Jerry McClain, Rental Registration, MLK And The Children’s Home

April 11, 2013

This morning a single WCLT newscast notified that Jerry McClain announced work would commence on a multi-story business tower on the northeast corner of Fourth Street and Locust in Newark, Ohio. On April 8 the City of Newark website posted “Public Involvement Meeting – Open House regarding the planned improvements to convert SR13 – Mt Vernon Road over SR16 and the nearby streets to accept two-way traffic operation, as opposed to the existing one-way operation.” for Weds. April 17, 5PM Newark City Council.  Follow up information on the McClain Company is difficult to immediately access on the WCLT “News” website (which is not, has nothing). The morning Advocate is mute. See previous “Right To Look” (3-7-13) post for the local news in Newark. The City of Newark website gives no information regarding its involvement in private public partnership (Newark Development Partners Community Improvement Corporation). As of this posting, the writer has received no follow up information from the contact listed for the Joint Economic Development Board. Just adjacent to Jerry McClain’s future development is the home of the Licking County Chamber of Commerce. The recent CIC endeavor of the Chamber is entitled “Grow Licking County” The Licking County website gives “‘Grow Licking County’ is a Community Improvement Corporation and a cooperative effort between Licking County Government, The Heath-Newark-Licking County Port Authority, and the Licking County Chamber of Commerce.” No further information is given. Attempts made to learn the names of who is on the board and who they represent from Dan Evers at the Chamber have gone unanswered as of this posting. No such info appears on the Grow Licking County website. The lack of information, which ought to be readily available to the public regarding CIC activity, is not unusual. A year ago (4-11-12) an essay entitled “In The Public Interest” was posted on the blog All The Noose That Is Knot:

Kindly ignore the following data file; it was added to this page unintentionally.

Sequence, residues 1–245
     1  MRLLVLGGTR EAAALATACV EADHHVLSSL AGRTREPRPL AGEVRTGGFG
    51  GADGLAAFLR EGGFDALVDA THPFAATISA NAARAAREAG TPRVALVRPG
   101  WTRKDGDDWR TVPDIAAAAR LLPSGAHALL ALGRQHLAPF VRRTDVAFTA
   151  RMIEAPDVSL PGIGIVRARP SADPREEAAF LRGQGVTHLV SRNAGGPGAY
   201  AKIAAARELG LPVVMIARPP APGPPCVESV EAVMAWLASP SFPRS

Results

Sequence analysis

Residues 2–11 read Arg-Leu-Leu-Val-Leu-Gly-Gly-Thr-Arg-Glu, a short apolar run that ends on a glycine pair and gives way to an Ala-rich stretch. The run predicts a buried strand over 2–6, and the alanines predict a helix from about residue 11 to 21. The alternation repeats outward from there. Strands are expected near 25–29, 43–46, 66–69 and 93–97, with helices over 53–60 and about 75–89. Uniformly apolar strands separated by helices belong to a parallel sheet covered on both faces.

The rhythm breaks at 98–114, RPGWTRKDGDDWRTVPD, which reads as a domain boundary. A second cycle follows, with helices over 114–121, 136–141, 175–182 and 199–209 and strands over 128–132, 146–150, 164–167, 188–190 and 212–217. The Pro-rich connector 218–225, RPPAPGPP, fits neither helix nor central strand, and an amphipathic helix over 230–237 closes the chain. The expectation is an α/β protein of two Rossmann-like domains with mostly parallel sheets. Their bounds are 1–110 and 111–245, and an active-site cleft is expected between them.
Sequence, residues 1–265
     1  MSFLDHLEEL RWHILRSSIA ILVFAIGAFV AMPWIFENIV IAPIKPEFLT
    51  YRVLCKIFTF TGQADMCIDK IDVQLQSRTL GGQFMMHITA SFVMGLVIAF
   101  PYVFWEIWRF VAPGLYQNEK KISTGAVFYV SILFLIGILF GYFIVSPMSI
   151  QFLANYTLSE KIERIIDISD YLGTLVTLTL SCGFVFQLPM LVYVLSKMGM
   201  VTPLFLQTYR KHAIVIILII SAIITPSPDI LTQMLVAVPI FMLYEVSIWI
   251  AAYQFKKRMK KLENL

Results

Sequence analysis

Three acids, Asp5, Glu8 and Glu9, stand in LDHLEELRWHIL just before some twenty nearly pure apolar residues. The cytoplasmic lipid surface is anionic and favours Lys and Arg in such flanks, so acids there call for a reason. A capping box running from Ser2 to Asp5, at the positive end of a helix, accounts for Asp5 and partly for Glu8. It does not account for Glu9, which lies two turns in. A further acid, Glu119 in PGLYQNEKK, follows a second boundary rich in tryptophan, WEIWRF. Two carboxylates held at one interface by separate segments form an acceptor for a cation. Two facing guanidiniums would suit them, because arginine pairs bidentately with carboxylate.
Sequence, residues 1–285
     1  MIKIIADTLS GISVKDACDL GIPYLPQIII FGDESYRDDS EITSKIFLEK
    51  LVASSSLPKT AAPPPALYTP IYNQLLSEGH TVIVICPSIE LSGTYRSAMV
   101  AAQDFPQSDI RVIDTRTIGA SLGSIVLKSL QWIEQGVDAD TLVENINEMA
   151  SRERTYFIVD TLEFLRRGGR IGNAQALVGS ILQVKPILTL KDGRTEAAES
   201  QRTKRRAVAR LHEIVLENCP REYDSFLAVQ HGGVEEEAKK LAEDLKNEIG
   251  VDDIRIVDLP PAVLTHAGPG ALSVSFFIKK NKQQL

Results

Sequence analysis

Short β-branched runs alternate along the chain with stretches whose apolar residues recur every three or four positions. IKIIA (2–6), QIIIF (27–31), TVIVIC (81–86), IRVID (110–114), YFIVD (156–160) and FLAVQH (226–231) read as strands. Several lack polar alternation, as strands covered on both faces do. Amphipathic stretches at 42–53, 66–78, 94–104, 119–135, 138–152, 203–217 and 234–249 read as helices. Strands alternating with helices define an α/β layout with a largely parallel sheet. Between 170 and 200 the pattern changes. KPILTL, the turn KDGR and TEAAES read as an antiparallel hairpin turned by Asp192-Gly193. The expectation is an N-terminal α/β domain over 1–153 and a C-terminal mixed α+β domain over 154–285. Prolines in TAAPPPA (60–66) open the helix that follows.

“Here in the American state of Ohio the governor (John Kasich) is remodeling our state government. Ohio’s office of economic development has been transformed into JobsOhio. This is organized as a public private commission, board, corporation (whatever you want to use as lipstick is OK by me). The membership of such “public private” governance is usually split 40/60, public /private. Moneys involved usually are 60/40 public/private. Meetings, decision making, etc. is private (so it is outside the reach of Ohio’s government “sunshine” regulations). But final determinations of commitment with regard to policy, spending, etc. rests with the governor or legislature. More such “collaborations” are in the works, with statewide management of human resources (employment) falling under the same rubric and employment training/education likewise having a new “public private” initiative. Some of the folks representing the “public”, and acting as chair, are distinguished individuals like Gordon Gee, president of the Ohio State University (who was once on the board of trustees of the very private, and now defunct Massey Energy until its West Virginia Upper Big Branch mine exploded, inconveniently killing the workers inside). Delving deeper, one finds many such commissions and boards comprised of public/ private representatives dealing with public safety, utilities, transportation, natural resources, etc. On the local level we find ditto of above. The duly elected Licking County commissioners have entered into a Community Improvement Corp, with the same makeup as described above. The county seat of Newark, not to be undone, is entering into its own CIC with the city’s corporate big boys. These “developments” involve various tax breaks, easements, zoning changes and structural improvements/services to facilitate business growth. They also determine where the public funding is ultimately spent (enhancing the value of specific business property considerably over that of the surrounding generic residential neighborhoods).”